Update per April, 28th 2011.
I do like to keep my posts up-to-date. This post would not be complete without mentioning VMware Labs fling, the PXE Manager for vCenter .
VMware PXE Manager is a management tool that supports automatic PXE boot (network boot using PXE) and automatic customization of large numbers of ESXi systems,
Other features are :
- Automated provisioning of new ESXi hosts stateless and stateful (no ESX)
- ESXi host state (firmware) backup, restore, and archiving with retention
- ESXi builds repository management (stateless and statefull)
- ESXi Patch management
- Multi vCenter support
- Multi network support with agents (Linux CentOS virtual appliance will be available later)
- Wake on Lan
- Hosts memtest
- vCenter plugin
- Deploy directly to VMware Cloud Director
- Deploy to Cisco UCS blades
This fling is accompanied by instructions and two videos. The first one shows you how to install PXE manager and the second one shows you how to install a stateless ESXi server.
Maybe it is because of my Linux background, one subject that always intrigues me is scripting. When work becomes routine, it is time for a script. Some time ago, I got involved in deploying VMware ESX 3.5 (Classic) and I had a nice time writing kickstart scripts. Especially the %post part was fun.
Then VMware announced ESX 4.1 will be the last version with the “Classic Console”, all future versions will be based on ESXi. At that moment I decided to say “Goodbye to the Console (and all the benefits)” and to concentrate on ESXi and meet the challenges that come with something new. The first one: Deployment.
VMware guide ESXi Installable and vCenter Server Guide presents an Installation overview. In this post, I will focus on scripted installation by means of PXE boot. Starting on page 25, the complete preparation, all the aspects and a lot of references.
Final conclusion: It is a lot of work to build your own deployment environment. The good news, other people have done a very good job, the question is which way to go?
The first solution is “the Ultimate Deployment Appliance”, short UDA, created by Carl Thijssen, http://www.ultimatedeployment.org/ .
The UDA enables you to deploy not only VMware ESX, but also Microsoft Windows, Solaris and different Linux flavors. UDA Build 17 supports VMware ESX 4.1 and ESXi 4.1. The appliance includes all the building blocks you need. After downloading, you can import the UDA on a ESX host. Configuring the UDA is easy, after a few steps, it offers a nice webinterface which guides you through the whole process.
The great Mike Laverick, who is also responsible for the support of VMware in the UDA, published a Quickstart Guide and Template examples on his website.
Kenneth van Ditmarsch even added some extra functionality to UDA in this article.
It would be unfair not to mention another Appliance that in my opinion has a lot in common with the previous one; the ESX Deployment Appliance (EDA) created by Herco van Brug, which can be downloaded from this location. Do not forget to download and install this patch if you want to deploy VMware ESX 4.1. On the Downloads page, you will also find instructions about the installation and configuring the EDA.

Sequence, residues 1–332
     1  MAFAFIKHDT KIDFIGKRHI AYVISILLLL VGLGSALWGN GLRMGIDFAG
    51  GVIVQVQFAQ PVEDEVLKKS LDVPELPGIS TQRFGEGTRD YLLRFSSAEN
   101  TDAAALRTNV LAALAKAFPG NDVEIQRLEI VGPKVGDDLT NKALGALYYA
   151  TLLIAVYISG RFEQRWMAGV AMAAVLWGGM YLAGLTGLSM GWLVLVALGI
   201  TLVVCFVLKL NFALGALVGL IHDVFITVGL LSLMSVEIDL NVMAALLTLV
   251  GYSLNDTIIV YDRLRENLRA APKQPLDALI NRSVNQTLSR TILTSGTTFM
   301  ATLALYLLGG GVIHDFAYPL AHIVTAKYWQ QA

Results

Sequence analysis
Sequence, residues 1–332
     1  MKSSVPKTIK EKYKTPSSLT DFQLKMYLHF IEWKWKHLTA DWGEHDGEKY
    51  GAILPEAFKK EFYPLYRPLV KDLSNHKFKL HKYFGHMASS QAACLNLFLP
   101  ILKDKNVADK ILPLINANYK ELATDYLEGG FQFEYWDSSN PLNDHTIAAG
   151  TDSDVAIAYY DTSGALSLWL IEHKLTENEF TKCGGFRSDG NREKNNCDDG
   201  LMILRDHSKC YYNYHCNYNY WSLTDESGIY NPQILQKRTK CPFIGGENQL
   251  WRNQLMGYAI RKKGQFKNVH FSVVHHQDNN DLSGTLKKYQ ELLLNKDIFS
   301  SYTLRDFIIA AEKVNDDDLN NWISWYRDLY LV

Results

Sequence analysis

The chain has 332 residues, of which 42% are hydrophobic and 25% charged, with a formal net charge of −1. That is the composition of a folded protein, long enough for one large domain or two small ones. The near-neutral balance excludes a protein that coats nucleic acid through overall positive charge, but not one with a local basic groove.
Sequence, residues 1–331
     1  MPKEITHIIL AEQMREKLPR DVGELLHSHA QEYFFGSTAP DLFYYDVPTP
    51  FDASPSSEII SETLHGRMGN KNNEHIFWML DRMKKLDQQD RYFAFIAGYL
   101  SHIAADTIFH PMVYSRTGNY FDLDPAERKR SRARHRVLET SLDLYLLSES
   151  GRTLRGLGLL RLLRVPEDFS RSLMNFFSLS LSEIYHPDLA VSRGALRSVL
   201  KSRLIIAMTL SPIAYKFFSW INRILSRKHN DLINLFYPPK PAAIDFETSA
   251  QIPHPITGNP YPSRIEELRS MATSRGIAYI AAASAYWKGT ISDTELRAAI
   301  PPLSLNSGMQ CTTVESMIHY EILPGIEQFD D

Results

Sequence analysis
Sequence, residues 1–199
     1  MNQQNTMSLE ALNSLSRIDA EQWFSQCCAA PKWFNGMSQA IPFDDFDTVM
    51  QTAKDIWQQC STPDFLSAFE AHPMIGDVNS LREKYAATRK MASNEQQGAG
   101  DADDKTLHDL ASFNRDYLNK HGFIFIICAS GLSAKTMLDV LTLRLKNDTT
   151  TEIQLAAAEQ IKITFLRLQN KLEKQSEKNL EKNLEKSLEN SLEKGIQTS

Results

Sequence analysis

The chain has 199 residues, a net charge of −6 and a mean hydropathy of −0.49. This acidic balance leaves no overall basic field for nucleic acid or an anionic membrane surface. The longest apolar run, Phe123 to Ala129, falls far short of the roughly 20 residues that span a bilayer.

The UDA and EDA are both Linux based appliances. Some people are more comfortable in a Windows environment, so let’s have a look how to deploy VMware ESX in a Windows shop.
The already mentioned Kenneth van Ditmarsch published on his blog “Virtual Kenneth” a very nice tutorial how to setup a deployment environment on a Windows 2003 server with IIS. If you want to build your own environment on a Windows 2008 (R2) server, please read the Responses!
I started with a “No more Console”, one exception: Paul Davey published a very nice paper on the Xtravirt website. After registering, you can download the E-Book “ESX4 – The Ultimate Guide” and Bonus material. The E-book goes into detail how to deploy ESX4 with Microsoft’s WDS (Windows Deployment Services), it is a recommended reading.
The most curious deployment solution at this time imho has escaped from the VMware Labs. It is called “VMware Auto Deploy” and is the work of three guys named Timothy Stack, Greg Hutchins and Patrick Devine.
It is also a Linux based Appliance with some added components. At first reading I was not very interested because it seems much like the other appliances using PXE-boot, DHCP and so on, but it used Host Profiles to do the configuration of the newly installed ESX host.
But here comes the big difference: all other solutions actually install VMware ESXi on local disk (unfortunately not on embedded USB devices L), but the VMware Auto Deploy appliance does not need local disks, it does a stateless install of ESXi, puts the ESXi host in a cluster and configures the ESXi host with a little help from the Host profiles. It also means that after a reboot the ESX host has to go through the whole process again.
To conclude this post, I am sure there are a many more brilliant solutions, I presented just a few. I am glad to receive feedback and suggestions on this subject and hoped you enjoyed reading this one.